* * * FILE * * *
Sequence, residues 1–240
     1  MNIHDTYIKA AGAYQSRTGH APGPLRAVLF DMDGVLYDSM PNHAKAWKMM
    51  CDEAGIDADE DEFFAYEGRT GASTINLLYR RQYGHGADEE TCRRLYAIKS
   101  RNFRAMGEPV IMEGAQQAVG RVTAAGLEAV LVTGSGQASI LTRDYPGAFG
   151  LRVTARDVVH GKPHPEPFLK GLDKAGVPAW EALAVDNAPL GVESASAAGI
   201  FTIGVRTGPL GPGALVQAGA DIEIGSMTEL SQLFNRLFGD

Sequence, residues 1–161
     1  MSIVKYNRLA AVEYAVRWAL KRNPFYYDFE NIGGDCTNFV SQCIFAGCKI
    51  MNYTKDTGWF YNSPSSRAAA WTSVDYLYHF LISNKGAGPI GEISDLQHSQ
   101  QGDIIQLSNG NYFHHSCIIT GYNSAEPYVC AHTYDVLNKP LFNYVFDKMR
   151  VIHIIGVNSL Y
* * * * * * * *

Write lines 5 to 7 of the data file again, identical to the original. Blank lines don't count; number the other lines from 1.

   151  LRVTARDVVH GKPHPEPFLK GLDKAGVPAW EALAVDNAPL GVESASAAGI
   201  FTIGVRTGPL GPGALVQAGA DIEIGSMTEL SQLFNRLFGD

Sequence, residues 1–161